The D.C. Board of Elections and Ethics said yesterday that 60,000 new voters have registered this year and that the city's longstanding problems with inaccurate registration rolls have been solved.
The board has produced a master list of 274,810 registered voters -- 59 percent of those eligible -- which is expected to grow by 10,000 by the Nov. 6 election.
The board began a major effort in 1983 to rebuild its voter rolls by revalidating all voters. As a result, the board has taken registration rolls that once listed more than 400,000 voters and created a master list of 274,810 verified registrants.
The master list is made up of 222,539 Democrats, 21,747 Republicans and 1,327 Statehood party members.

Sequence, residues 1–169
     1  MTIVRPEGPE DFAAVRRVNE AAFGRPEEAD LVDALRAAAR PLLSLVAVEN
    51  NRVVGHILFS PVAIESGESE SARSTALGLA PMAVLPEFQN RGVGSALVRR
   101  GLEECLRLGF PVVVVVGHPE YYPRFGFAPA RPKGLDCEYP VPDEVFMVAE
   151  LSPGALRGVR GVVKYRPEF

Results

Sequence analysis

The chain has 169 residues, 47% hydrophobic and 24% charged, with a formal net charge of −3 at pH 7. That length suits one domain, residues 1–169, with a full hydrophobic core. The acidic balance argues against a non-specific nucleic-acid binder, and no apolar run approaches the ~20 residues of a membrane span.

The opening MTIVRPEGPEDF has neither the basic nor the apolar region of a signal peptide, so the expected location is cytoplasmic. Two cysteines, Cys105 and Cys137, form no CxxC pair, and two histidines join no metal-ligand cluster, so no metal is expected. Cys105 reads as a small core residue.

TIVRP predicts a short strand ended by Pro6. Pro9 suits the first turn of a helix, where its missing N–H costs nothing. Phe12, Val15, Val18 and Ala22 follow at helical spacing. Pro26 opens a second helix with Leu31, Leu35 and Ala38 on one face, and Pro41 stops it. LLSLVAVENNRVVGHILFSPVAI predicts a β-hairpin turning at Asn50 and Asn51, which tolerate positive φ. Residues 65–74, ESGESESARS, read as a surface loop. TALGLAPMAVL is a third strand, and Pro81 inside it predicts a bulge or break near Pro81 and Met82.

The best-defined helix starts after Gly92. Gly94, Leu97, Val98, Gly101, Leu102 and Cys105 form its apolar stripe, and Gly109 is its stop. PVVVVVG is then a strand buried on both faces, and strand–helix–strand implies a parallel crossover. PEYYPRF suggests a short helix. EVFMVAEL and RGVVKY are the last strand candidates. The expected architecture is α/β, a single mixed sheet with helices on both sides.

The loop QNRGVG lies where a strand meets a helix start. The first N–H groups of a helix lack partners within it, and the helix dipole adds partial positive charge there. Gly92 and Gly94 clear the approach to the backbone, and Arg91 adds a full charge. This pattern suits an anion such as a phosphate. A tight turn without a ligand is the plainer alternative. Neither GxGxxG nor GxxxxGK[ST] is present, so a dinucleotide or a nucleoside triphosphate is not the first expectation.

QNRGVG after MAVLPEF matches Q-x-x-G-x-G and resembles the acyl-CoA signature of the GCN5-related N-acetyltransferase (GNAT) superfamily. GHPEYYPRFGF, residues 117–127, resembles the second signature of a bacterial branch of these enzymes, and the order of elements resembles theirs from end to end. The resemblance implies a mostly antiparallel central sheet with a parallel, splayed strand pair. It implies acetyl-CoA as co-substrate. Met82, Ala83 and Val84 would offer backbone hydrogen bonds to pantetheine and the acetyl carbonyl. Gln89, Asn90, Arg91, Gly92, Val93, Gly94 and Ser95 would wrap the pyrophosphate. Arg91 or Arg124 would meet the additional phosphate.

Elections officials expect a record number of 200,000 voters for the general election and say that the system will be put to its greatest test. While results for all the candidates listed on the ballots will be known on election night, write-in votes will take much longer to count.
In the case of incumbent City Council member Jerry A. Moore Jr.(R-At Large), who is conducting an organized write-in campaign, it will take the board up to 10 days to learn how many votes Moore got.
On election night, a computer count will indicate how many voters punched the ballot for the write-in position and whether the number of write-in votes could make a difference in the outcome of the at-large race. But a hand count will be necessary to determine who received the votes and to count the write-in votes for which voters did not also punch the cards.